Understanding Households as Drivers of Carbon Emissions

Angela Druckman and Tim Jackson

Abstract Households are accountable for nearly three quarters of global carbon emissions and thus understanding the drivers of these emissions is important if we are to make progress towards a low carbon future. This chapter starts by explaining the importance of using an appropriate consumption perspective accounting framework for assessing the carbon footprint of households. This contrasts from the more commonly used production perspective, as, for many Western countries in particular, once responsibility for emissions embedded in imported goods and services are taken into account, consumption emissions are often higher than production emissions.

The chapter then reviews findings concerning the determinants and composition of the carbon footprint of households, focusing on Western countries. One of the main determinants is income, with carbon footprints increasing with increasing incomes. However, other drivers, such as household size and composition, rural/ urban location, diet and type of energy supply, also play a part. Studies show that the majority of an average carbon footprint arises from three domains: transportation, housing and food. Further analyses aimed at gaining a deeper understanding of the motivations behind the activities driving emissions, in particular those due to transportation and housing, show that recreation and leisure pursuits are responsible for a substantial portion of average carbon footprints. Studies indicate, for example, that activities such as spending time with friends and family in and around the home, which are generally low carbon and also enhance well-being, should be encouraged alongside the more mainstream strategies of improving systems of provision of energy, food, housing and transportation.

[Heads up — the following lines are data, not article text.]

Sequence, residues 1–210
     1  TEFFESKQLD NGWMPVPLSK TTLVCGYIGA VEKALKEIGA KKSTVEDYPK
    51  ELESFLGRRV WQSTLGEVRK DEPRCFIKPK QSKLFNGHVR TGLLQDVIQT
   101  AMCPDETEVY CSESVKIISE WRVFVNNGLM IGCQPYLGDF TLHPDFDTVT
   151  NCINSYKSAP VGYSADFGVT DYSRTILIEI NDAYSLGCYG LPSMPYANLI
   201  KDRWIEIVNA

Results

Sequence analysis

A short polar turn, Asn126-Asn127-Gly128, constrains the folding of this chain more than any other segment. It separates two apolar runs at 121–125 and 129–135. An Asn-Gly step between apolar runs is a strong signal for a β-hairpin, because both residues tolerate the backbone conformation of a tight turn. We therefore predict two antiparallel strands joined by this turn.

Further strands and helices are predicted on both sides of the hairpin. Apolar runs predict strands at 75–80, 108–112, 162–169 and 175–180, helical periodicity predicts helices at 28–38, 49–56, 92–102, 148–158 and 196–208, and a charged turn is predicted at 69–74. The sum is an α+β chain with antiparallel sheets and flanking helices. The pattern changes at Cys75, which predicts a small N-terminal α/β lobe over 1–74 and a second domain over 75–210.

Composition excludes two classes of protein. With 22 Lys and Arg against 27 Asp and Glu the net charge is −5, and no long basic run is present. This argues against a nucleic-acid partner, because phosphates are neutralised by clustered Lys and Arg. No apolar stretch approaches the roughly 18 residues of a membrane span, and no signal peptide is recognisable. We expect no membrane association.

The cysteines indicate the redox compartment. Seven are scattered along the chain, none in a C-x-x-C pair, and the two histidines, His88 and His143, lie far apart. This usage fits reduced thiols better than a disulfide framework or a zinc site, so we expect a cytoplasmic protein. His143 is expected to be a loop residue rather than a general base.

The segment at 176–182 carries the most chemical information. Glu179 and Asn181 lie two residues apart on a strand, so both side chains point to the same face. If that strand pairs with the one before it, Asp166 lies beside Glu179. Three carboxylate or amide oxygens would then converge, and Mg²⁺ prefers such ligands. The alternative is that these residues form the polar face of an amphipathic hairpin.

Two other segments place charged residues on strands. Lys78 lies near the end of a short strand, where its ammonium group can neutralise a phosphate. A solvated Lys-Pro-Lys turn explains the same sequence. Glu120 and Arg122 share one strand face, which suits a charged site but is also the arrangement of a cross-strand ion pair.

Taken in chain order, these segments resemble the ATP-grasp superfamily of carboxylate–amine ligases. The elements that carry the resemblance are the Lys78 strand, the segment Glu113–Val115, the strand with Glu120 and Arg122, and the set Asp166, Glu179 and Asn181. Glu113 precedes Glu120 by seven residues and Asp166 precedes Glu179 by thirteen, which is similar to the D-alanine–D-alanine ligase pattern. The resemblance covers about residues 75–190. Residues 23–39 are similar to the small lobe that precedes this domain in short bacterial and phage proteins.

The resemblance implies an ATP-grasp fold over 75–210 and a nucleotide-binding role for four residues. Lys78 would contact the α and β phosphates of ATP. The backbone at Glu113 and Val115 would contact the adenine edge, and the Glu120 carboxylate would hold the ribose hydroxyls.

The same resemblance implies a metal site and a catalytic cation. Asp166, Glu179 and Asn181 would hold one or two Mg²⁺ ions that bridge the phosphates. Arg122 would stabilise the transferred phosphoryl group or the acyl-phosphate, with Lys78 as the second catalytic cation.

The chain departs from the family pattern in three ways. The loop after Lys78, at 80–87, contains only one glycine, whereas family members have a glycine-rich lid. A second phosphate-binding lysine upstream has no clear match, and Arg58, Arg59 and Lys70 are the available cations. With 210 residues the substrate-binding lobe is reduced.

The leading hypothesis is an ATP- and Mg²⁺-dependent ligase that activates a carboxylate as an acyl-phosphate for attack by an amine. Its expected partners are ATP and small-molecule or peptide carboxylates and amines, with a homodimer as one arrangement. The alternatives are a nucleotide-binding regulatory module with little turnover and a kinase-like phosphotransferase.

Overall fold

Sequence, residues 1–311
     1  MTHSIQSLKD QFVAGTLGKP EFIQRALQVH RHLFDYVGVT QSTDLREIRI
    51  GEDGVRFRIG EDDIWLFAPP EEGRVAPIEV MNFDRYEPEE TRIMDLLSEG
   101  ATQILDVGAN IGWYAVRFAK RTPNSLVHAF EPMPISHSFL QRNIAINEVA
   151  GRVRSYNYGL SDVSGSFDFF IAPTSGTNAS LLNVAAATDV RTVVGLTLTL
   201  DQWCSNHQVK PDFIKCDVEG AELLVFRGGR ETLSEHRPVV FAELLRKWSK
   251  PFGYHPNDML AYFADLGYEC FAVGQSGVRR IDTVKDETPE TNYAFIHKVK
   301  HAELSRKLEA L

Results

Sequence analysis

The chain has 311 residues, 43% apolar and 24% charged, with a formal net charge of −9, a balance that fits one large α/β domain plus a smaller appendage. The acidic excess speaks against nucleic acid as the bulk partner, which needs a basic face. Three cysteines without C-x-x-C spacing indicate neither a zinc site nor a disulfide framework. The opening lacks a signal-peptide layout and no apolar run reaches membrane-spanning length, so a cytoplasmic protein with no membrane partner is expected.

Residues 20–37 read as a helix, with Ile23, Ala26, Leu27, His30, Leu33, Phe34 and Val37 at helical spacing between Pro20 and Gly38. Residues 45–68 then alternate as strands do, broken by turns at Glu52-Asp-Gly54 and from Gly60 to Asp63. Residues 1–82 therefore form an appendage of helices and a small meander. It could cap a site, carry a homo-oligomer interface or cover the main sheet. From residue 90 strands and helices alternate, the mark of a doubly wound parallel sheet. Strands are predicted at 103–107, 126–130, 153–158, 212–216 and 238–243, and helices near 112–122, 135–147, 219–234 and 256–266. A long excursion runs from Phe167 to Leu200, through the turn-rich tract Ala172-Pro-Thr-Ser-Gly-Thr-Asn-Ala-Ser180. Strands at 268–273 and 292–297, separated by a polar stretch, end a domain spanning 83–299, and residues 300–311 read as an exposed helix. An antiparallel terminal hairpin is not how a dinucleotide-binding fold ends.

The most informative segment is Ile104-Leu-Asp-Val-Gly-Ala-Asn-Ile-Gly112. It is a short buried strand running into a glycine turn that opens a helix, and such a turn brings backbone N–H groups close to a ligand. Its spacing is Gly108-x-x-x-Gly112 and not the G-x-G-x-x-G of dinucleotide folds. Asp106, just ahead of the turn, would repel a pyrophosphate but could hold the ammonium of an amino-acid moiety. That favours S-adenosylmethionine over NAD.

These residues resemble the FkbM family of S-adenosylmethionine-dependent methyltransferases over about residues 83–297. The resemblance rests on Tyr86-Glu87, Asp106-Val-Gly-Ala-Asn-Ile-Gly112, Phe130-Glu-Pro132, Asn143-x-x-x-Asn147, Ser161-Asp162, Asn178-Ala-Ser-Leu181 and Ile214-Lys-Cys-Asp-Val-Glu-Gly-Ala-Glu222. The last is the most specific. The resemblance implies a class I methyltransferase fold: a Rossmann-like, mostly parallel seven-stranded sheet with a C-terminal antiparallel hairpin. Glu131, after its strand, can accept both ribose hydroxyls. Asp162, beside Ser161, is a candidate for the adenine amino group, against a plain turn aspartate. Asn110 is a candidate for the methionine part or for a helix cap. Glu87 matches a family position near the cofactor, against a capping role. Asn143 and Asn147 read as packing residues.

The finding that income is one of the principal drivers of carbon emissions is a challenging and important issue to address, as, for instance, incomes are arguably the driver of the rebound effect – a phenomenon that confounds attempts to reduce carbon footprints, making reducing emissions more of an uphill task than often acknowledged. This challenge leads us to a wider, whole-systems approach in which we view households as an integral part of the system of production and consumption.

In summary, industrial ecology, with its wide ranging systems approach as shown in this chapter, has a great deal to contribute to the quest to devise strategies to move towards lower carbon, fulfilling lifestyles.

Keywords Carbon footprint • Consumption-based accounting • Environmental input-output analysis • Household carbon-footprint • Personal carbon-footprint • Rebound effect • Time use • Work-time reductions

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